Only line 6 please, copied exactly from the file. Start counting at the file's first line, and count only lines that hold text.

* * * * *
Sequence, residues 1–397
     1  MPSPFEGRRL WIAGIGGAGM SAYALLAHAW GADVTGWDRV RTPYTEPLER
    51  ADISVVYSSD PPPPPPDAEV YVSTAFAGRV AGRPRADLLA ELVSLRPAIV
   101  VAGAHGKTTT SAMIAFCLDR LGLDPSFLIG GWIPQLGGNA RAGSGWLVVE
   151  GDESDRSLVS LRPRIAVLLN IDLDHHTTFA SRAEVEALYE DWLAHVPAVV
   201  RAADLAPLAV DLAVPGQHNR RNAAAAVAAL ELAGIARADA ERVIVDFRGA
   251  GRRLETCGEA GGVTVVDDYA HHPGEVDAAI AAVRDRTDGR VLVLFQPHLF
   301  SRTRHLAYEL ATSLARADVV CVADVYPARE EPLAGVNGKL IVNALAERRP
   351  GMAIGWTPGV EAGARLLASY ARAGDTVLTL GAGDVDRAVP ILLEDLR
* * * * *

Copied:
   201  RAADLAPLAV DLAVPGQHNR RNAAAAVAAL ELAGIARADA ERVIVDFRGA